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What actions are considered obstruction of justice?

The term "obstruction of justice" sounds like the stuff of FBI investigations and large-scale cases regarding money laundering or corporate malfeasance. However, it covers a much broader range of activities that involve impeding an investigation or prosecution of a crime. Obstruction of justice can result in felony charges.

Lying to law enforcement authorities is a common form of obstruction. In this country, we are not required to answer a police officer's or other law enforcement agent's questions. We can also invoke marital or spousal privilege to avoid incriminating a spouse. However, if someone knowingly makes false statements to law enforcement, whether verbally or in writing, he or she is breaking the law.

Lying to a federal agent can land a person behind bars for as long as five years. Lifestyle guru Martha Stewart spent time in prison for making false statements to federal authorities.

Intentionally destroying or hiding evidence to impede a law enforcement investigation is also considered obstruction of justice. This can be something as simple as throwing away or even altering documents.

The evidence doesn't have to be physical. Often, evidence crucial to solving a crime is digital. For example, a cab driver was charged with obstruction of justice in the Boston Marathon bombing case for allegedly deleting items in his internet search history that related to the two bombers. Those found guilty of impeding a federal investigation in this manner can face two decades in prison.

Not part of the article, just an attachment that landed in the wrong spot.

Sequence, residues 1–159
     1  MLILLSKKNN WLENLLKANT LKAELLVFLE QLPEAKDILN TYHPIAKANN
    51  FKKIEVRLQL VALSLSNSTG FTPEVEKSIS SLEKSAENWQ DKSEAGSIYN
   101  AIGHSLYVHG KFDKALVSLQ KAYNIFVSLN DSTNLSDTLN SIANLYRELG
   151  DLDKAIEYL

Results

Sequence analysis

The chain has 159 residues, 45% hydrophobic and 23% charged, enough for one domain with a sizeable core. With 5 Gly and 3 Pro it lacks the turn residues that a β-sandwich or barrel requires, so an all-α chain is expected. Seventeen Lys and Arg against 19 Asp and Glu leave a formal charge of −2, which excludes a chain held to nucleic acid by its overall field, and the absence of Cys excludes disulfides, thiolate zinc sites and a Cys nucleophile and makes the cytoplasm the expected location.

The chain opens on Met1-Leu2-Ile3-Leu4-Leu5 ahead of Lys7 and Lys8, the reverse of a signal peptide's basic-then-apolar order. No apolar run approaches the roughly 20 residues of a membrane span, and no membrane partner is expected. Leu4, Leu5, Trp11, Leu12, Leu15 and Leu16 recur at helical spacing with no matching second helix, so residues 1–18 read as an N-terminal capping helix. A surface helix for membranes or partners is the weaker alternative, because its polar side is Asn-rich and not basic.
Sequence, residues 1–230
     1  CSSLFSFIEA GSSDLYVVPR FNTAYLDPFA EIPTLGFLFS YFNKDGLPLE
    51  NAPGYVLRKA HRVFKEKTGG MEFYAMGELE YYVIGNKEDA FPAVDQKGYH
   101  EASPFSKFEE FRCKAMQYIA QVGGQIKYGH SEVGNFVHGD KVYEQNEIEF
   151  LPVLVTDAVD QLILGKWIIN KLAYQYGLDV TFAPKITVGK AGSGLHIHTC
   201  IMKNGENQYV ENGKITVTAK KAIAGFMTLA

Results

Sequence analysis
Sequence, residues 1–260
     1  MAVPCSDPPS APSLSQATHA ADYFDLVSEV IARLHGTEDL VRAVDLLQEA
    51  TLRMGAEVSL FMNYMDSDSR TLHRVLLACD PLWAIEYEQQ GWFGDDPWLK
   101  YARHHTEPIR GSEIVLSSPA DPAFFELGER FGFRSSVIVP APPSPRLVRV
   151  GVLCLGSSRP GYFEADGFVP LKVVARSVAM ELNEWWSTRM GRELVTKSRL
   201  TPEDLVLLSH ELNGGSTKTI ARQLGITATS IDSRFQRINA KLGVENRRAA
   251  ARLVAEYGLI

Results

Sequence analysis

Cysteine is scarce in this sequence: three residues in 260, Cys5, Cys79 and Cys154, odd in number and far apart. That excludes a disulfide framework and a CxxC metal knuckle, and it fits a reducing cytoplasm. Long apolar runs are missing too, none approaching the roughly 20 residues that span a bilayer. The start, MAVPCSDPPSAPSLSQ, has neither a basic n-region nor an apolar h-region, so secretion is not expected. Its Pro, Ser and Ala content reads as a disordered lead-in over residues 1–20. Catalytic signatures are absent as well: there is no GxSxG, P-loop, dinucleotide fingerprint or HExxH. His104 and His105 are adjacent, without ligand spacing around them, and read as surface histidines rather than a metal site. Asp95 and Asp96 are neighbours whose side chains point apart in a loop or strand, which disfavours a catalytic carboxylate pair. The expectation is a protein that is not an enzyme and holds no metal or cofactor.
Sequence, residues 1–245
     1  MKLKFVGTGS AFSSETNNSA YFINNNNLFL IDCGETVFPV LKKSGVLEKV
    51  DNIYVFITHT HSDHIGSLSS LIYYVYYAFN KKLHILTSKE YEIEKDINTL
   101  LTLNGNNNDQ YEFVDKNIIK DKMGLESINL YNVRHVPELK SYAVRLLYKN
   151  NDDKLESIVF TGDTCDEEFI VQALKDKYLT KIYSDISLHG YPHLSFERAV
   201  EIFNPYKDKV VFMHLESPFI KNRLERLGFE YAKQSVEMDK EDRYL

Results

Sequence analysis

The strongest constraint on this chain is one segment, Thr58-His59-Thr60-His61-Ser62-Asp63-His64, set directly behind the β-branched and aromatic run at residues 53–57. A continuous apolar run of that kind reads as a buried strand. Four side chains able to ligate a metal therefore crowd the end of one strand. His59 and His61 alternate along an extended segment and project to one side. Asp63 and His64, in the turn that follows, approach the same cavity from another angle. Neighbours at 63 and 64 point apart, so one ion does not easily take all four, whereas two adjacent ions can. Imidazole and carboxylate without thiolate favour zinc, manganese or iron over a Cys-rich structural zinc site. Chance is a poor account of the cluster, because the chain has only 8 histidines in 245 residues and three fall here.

Interfering with another witness's testimony may also be considered obstruction of justice. This may be done through bribery, intimidation or other type of persuasion.

If you are accused of a crime or asked to provide information in an investigation, it's always wise to have an attorney by your side. An attorney's job is to protect your rights and help ensure that you don't place yourself at unnecessary legal risk.

Source: FindLaw, "What Is Obstruction of Justice?," Brett Snider, Esq., accessed Jan. 31, 2018

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